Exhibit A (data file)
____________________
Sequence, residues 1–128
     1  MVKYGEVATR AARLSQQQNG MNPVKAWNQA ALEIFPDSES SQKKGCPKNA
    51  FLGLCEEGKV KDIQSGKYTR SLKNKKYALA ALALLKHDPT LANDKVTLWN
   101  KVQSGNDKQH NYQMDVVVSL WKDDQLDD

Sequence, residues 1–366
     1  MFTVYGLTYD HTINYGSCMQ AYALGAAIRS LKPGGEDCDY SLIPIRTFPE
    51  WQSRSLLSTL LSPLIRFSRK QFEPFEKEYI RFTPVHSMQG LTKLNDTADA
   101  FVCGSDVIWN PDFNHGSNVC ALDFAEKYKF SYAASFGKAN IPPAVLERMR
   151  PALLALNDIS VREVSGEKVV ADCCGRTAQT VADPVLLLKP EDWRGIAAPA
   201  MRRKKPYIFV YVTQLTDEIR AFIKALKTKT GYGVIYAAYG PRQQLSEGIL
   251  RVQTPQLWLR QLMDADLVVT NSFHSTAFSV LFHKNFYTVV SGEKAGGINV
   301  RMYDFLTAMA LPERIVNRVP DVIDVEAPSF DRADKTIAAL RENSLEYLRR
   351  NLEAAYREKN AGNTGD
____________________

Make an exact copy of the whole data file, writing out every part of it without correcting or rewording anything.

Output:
Sequence, residues 1–128
     1  MVKYGEVATR AARLSQQQNG MNPVKAWNQA ALEIFPDSES SQKKGCPKNA
    51  FLGLCEEGKV KDIQSGKYTR SLKNKKYALA ALALLKHDPT LANDKVTLWN
   101  KVQSGNDKQH NYQMDVVVSL WKDDQLDD

Sequence, residues 1–366
     1  MFTVYGLTYD HTINYGSCMQ AYALGAAIRS LKPGGEDCDY SLIPIRTFPE
    51  WQSRSLLSTL LSPLIRFSRK QFEPFEKEYI RFTPVHSMQG LTKLNDTADA
   101  FVCGSDVIWN PDFNHGSNVC ALDFAEKYKF SYAASFGKAN IPPAVLERMR
   151  PALLALNDIS VREVSGEKVV ADCCGRTAQT VADPVLLLKP EDWRGIAAPA
   201  MRRKKPYIFV YVTQLTDEIR AFIKALKTKT GYGVIYAAYG PRQQLSEGIL
   251  RVQTPQLWLR QLMDADLVVT NSFHSTAFSV LFHKNFYTVV SGEKAGGINV
   301  RMYDFLTAMA LPERIVNRVP DVIDVEAPSF DRADKTIAAL RENSLEYLRR
   351  NLEAAYREKN AGNTGD